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τῇ ἐσβολῇ τῆς Λύγκου—for gen. cf. ch. 1, 7. For the description of the ‘pass into Lyncus’ see Arnold. The pass crossed a chain of mountains, and descended by a gorge and stream: cf. ch. 127, 17.

λόγοις—with ποιῆσαι, line 11. καὶ γάρ τι καί—we have a somewhat similar order infr. line 16: so ch. 5, 4: 54, 13. For the force of ἐπεκηρυκεύετο see note on ch. 27, 14.

μέσῳ δικαστῇ ἐπιτρέπειν—‘to entrust the matter to the mediation of Brasidas’. μέσος δικαστής is an arbitrator, μέσος implying interposition as well as impartiality; see Arnold. ὲπιτρέπω is regularly used without an object expressed of referring a question to arbitration: i. 28, ἤθελον τῷ ἐν Δελφοῖς μαντείῳ ἐπιτρέπειν: so Dem. passim.

μὴ ὑπεξελεῖν—‘not to remove from (lit. for) Perdiccas his grounds of apprehension’; i.e. not to make his position too secure. ὑπεξαιρῶ means to remove secretly or gradually, or to remove to begin with (ch. 4, 15, note); hence to clear from one's path: Plat. Rep. 519 B, ὑπεξαιρεῖν τούτους δεῖ τὸν τύραννον εἰ μέλλει ἄρξειν.

κοινῇ μᾶλλον—(1) ‘in a more impartial spirit’ (Poppo, Classen, etc.). The adjective is not unusual with this meaning, e.g. iii. 53, μὴ οὐ κοινοὶ ἀποβῆτε, ‘lest you should not prove impartial judges’. No instance is however given of this sense of the adverb. Arnold and Krüger therefore take it to mean (2) that Brasidas claimed ‘a joint voice’ in dealing with Arrhibaeus; whereas Perdiccas insisted that he was merely engaged to act as his auxiliary.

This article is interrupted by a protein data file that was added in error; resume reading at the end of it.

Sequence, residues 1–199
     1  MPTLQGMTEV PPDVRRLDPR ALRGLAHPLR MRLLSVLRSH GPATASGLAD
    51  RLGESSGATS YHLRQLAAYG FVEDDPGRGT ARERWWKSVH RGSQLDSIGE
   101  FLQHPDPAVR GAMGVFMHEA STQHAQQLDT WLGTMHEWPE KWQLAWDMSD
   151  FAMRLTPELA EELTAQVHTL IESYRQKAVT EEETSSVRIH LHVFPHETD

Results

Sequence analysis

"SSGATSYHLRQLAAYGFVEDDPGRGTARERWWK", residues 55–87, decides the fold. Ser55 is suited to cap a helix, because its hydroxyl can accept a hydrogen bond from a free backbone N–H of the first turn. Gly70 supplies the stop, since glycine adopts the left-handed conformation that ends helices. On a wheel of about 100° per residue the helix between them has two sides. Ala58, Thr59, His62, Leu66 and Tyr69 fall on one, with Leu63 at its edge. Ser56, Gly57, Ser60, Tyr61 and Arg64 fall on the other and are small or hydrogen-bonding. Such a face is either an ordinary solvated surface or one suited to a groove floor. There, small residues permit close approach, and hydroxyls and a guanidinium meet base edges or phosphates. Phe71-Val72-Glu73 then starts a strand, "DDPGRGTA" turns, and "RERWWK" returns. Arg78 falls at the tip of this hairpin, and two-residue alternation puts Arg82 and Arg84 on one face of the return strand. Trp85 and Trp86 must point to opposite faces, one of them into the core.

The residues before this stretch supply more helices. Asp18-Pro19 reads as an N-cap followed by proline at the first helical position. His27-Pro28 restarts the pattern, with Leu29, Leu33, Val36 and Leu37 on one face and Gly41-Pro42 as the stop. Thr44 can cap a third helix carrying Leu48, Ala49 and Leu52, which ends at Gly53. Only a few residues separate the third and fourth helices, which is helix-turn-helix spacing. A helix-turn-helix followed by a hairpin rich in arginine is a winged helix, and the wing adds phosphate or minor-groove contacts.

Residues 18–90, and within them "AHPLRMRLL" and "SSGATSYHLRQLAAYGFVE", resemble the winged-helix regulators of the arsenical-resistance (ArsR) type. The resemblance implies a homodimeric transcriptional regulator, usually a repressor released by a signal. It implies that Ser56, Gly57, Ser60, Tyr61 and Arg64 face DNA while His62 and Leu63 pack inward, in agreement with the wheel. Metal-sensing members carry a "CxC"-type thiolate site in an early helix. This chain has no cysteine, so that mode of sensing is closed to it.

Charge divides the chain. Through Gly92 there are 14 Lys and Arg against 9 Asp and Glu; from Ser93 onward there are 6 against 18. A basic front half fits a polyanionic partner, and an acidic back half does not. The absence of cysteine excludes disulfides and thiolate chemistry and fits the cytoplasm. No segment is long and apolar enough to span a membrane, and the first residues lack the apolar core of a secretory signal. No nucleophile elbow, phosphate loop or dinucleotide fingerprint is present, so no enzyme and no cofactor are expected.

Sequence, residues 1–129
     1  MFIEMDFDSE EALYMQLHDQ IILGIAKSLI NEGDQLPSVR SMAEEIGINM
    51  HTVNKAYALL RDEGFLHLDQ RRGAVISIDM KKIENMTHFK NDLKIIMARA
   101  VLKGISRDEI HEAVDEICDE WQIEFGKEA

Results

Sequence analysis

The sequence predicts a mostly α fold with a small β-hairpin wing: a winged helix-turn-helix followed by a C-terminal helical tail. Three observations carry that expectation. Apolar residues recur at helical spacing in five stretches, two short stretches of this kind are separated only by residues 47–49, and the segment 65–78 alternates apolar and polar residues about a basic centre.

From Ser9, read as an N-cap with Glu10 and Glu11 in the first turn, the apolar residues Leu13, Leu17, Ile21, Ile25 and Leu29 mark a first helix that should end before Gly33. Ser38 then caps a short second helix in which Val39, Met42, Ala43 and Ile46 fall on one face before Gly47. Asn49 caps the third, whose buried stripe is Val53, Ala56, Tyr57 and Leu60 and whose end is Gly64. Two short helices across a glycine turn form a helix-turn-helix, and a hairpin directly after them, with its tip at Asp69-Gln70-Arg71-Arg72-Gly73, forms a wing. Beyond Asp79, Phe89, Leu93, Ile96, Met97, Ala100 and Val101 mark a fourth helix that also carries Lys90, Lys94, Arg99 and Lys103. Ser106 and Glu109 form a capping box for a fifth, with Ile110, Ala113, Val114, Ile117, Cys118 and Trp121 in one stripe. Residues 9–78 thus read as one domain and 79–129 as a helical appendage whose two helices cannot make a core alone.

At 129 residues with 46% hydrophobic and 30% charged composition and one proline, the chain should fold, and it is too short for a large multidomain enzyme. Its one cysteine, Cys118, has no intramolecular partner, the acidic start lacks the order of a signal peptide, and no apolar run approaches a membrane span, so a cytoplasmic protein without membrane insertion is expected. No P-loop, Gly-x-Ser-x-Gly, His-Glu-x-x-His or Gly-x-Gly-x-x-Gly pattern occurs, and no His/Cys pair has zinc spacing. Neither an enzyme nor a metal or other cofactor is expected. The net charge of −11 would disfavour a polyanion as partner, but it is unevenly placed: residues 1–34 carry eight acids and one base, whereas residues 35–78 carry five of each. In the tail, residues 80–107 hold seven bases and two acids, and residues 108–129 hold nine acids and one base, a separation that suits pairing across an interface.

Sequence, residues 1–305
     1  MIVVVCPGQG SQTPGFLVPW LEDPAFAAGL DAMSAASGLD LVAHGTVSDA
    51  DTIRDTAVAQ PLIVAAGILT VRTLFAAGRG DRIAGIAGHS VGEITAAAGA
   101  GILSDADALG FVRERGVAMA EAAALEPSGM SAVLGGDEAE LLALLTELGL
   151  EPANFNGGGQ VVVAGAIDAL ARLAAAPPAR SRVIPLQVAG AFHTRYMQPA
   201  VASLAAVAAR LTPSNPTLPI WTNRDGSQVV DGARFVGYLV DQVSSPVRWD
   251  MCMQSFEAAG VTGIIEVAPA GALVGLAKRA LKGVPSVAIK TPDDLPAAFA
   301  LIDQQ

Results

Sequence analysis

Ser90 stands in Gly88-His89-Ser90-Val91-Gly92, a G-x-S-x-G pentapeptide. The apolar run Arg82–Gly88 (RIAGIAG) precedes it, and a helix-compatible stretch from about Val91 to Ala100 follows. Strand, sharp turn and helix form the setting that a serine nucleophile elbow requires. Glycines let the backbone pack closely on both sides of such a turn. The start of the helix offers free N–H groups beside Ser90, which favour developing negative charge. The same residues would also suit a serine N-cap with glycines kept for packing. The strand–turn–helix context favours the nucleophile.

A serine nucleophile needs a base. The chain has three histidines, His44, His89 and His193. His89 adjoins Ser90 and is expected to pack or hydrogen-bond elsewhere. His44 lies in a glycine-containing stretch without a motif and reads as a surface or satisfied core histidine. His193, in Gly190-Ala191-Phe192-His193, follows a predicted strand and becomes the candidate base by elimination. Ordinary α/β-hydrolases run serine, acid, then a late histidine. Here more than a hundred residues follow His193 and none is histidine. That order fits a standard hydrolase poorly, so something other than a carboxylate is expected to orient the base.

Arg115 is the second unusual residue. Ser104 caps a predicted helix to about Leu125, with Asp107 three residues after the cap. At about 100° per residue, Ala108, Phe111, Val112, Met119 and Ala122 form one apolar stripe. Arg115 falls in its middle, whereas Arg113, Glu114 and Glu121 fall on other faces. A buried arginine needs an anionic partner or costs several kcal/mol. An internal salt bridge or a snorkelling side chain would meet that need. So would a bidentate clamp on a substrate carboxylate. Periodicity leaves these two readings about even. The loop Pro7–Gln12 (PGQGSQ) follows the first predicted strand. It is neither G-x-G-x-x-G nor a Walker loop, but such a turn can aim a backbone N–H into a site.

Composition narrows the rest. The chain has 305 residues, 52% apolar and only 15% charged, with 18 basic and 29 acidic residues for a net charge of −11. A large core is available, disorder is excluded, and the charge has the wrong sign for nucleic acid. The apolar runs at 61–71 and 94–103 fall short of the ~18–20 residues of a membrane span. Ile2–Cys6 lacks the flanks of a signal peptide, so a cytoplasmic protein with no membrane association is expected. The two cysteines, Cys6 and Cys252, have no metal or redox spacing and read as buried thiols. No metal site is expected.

ἠξίου—‘felt himself entitled’. ‘Perdiccas had promised to make his neighbours allies of the Lacedaemonians. This gave Brasidas a right to interfere. For, he would argue, you are not making an ally but an enemy of Arrhibaeus’ (Jowett).

οὔτε—with τε line 23. καθαιρέτην—‘to overthrow’; a common sense of καθαιρῶ. The subst. is not found elsewhere in Attic Greek: it is used by Dio Cassius.

ἐκ διαφορᾶς—probably ‘after a quarrel’, as in ch. 125, 6: v. 42, ἐκ διαφορᾶς περὶ αὐτοῦ. Arnold however considers this to be one of the many adverbial expressions with ἐκ, equivalent to ‘in decided opposition to Perdiccas’.

ἀδικεῖσθαι—note the use of the present, lit. ‘to be the victim of a wrong’: the pres. of ἀδικῶ ‘to be a wrong doer’ is used in the same way as νικῶ, ‘to be victorious’, φεύγω, ‘to be in exile’, etc.

The short account here given shows the broad and generous spirit of Brasidas, as well as the arrogance and fickleness of Perdiccas, who was always ready to quarrel with his allies.

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hide References (4 total)
  • Commentary references from this page (4):
    • Plato, Republic, 7.519b
    • Thucydides, Histories, 1.28
    • Thucydides, Histories, 3.53
    • Thucydides, Histories, 5.42
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